RouterGod Celebrity Lecture Series.

"Seven of Nine" Lectures On OSPF Part 2

In the first part of this series Seven of Nine informed us of the origins of OSPF.  She invoked the name of John T. Moy, the crazed and misunderstood mathematical genius who discovered this menace.  Through a clerical error, Moy was put in charge of a powerful and clandestine branch of the Government known as the OSPF Task Force.  Soon Moy became mad with power and directed his evil minions to devise a link state protocol.  At the time the ARPANET used RIP, a distance vector protocol.  Distance vector protocols, while inefficient, had many fanatical and dangerous supporters, like Macintosh computers do today.  The Internet community laughed at Moy and his link state protocol.  But he was determined to perfect OSPF or destroy the planet trying.  Moy even went so far as to create an LSA packet so powerful, it could circulate through the Internet for years and never die.  When this killer LSA escaped his lab it crashed the Internet, requiring every router to be rebooted.  After this, the Internet community no longer laughed at the diabolical Moy, they feared him and his network killing LSA's.  Soon, those in authority realized that the IETF should adopt OSPF as a standard if for no other reason than to bring this renegade mathematician back into the fold.  Moy is currently working at Ascend Communications where he is attempting to determine the true value of Pi, to the last digit.  This serves as an abbreviated history of OSPF, and now, with part 2 of her lecture, Seven of Nine:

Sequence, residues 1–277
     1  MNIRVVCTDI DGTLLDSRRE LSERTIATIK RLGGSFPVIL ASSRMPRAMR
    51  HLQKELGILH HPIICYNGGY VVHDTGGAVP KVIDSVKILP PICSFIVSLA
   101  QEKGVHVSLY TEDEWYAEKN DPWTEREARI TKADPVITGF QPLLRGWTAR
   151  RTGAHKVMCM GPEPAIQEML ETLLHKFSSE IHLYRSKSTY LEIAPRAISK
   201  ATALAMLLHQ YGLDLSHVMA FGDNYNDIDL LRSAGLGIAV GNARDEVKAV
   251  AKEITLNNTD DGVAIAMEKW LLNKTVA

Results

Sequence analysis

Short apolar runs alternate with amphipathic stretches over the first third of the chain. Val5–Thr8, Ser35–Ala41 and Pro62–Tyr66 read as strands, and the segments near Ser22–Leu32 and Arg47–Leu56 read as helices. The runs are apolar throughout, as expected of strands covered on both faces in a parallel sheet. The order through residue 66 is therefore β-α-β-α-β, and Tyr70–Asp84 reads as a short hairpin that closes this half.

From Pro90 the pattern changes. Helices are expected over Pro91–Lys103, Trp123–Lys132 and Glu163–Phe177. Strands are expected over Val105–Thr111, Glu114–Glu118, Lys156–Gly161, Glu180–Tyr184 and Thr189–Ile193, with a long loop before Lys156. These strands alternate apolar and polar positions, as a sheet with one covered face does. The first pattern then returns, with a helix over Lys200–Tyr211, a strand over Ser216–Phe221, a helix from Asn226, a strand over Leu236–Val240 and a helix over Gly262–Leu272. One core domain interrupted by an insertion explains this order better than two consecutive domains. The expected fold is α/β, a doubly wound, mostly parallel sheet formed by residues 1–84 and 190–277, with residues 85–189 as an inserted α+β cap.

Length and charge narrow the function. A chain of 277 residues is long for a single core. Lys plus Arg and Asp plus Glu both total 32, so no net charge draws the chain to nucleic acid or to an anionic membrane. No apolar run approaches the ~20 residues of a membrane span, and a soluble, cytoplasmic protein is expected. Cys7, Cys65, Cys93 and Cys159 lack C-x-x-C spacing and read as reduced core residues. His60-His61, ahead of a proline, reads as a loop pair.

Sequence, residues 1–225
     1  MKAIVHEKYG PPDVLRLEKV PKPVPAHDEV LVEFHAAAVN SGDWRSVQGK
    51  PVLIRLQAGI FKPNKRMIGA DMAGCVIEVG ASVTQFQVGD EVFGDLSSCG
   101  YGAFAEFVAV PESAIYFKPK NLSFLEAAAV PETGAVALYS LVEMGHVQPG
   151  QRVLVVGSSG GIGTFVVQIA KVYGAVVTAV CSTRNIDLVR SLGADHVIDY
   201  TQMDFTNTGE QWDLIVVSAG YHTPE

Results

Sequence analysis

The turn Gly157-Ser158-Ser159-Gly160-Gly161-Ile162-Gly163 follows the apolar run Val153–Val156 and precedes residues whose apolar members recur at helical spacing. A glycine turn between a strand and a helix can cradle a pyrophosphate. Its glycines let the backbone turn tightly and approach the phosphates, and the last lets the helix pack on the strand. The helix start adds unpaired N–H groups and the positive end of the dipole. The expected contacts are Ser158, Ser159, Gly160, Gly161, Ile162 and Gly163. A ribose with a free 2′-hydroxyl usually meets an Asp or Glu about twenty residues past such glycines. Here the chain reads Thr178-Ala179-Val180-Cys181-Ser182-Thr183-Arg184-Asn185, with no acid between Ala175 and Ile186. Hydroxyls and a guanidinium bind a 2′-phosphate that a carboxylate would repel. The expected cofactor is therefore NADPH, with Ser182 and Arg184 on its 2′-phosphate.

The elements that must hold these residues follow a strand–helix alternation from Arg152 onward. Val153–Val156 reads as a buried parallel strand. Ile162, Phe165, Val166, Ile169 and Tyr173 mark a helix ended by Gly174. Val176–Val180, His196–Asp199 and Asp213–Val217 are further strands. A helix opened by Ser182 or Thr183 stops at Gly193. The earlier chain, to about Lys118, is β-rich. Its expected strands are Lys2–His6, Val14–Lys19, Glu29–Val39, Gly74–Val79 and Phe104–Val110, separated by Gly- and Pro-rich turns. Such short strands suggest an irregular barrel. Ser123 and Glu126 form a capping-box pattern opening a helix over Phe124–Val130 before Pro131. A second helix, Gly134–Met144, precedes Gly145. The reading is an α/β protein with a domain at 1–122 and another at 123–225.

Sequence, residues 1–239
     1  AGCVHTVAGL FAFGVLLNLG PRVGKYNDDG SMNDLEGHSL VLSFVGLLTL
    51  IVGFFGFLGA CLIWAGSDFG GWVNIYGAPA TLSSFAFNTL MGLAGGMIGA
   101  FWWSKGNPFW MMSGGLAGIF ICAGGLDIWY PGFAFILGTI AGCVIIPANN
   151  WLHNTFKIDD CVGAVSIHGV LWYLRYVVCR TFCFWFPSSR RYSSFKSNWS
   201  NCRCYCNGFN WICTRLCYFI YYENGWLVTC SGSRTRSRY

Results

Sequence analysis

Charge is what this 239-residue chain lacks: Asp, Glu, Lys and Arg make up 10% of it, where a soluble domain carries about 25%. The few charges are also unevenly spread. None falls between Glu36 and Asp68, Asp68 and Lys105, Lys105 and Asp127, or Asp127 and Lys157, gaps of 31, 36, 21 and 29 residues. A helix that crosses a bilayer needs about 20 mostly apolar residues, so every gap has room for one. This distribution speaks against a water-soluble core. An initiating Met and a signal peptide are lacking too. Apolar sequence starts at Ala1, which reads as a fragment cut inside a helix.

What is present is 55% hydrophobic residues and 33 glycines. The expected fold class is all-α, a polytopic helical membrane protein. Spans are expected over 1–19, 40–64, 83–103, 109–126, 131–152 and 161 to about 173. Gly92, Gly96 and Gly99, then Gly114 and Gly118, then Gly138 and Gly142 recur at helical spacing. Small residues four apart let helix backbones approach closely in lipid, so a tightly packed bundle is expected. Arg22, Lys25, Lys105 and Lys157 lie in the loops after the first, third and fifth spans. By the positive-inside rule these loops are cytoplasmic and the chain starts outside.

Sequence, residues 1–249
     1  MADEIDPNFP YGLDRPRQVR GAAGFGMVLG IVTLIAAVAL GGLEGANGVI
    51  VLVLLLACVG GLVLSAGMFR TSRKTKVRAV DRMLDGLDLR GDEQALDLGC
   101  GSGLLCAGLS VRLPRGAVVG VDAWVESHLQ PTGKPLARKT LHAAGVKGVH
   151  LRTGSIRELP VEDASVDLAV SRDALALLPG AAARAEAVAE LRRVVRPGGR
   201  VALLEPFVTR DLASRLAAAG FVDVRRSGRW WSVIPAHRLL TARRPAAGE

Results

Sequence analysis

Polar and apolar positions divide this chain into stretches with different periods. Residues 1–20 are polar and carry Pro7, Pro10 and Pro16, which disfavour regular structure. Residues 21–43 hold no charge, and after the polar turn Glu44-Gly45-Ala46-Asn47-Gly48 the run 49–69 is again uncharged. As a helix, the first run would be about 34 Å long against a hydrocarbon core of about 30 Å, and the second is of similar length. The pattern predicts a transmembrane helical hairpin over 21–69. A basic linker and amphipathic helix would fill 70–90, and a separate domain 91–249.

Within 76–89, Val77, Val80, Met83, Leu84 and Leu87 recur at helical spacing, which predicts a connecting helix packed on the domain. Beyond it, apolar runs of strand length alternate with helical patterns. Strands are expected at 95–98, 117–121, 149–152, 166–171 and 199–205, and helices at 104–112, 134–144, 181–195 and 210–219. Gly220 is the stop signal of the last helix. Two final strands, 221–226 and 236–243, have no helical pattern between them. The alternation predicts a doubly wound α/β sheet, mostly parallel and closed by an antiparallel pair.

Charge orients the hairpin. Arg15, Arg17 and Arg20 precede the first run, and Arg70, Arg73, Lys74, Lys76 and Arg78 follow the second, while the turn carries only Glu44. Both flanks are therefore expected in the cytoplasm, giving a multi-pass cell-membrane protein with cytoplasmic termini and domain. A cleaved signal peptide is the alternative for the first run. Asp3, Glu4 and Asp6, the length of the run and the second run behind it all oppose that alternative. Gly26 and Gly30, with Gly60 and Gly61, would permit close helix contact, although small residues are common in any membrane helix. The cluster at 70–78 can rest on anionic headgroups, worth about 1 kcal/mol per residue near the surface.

Half Babe, Half Borg

I bid you greetings.  In today's lecture we will discuss how OSPF enabled routers use the Hello protocol to establish adjacencies and how they elect their leaders.  

When an OSPF router starts it is first in the DOWN state because it has not exchanged information with any other routers.  The first thing it does is send Hello packets out it's interfaces to boast of it's existence.  These Hello packets are sent to a multicast address that OSPF routers are fond of.  The hello packet naturally contains the IP address of the sender so when a router sends a Hello packet in the other direction, it uses this unicast address.  On Broadcast Multi Access networks like Ethernet, Hello packets are sent every 10 seconds by default.  When a router is sending out these Hello Packets, it is in the INIT state.  They are waiting to hear from other OSPF routers.

Once the routers have exchanged Hello Packets, they add their neighbors to their Adjacencies Database.  Now that they know who their neighbors are and have established 2 way communication, they are in the TWO-WAY state.  In the TWO-WAY state, the routers are much like a gang of street thugs, they know who their immediate neighbors are and they want to start some trouble, but they have no leader.  The routers have gone from DOWN to INIT and entered the TWO-WAY state, now they will do something that no other routing protocol does.  The routers will actually elect a leader and a backup leader in case the leader dies.  The IETF didn't expect this from a protocol.  When Moy delivered a finished version of OSPF and it had this ability to create social classes they were both stunned and terrified.  They had simply asked Moy to create a routing protocol, they were unprepared for the pseudo life form that Moy had created.